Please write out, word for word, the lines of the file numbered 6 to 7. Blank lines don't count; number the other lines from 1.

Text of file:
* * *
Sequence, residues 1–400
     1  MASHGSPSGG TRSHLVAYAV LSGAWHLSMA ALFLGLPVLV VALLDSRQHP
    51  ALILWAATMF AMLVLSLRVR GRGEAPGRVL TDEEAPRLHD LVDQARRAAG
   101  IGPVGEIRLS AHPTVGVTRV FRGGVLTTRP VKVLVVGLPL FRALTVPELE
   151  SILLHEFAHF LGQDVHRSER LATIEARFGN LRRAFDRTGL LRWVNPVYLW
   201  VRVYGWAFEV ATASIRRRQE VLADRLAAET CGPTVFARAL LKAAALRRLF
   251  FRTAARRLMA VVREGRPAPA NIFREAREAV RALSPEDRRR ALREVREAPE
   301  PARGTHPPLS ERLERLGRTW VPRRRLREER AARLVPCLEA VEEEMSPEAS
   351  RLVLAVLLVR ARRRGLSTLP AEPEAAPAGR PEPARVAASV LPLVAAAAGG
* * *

   201  VRVYGWAFEV ATASIRRRQE VLADRLAAET CGPTVFARAL LKAAALRRLF
   251  FRTAARRLMA VVREGRPAPA NIFREAREAV RALSPEDRRR ALREVREAPE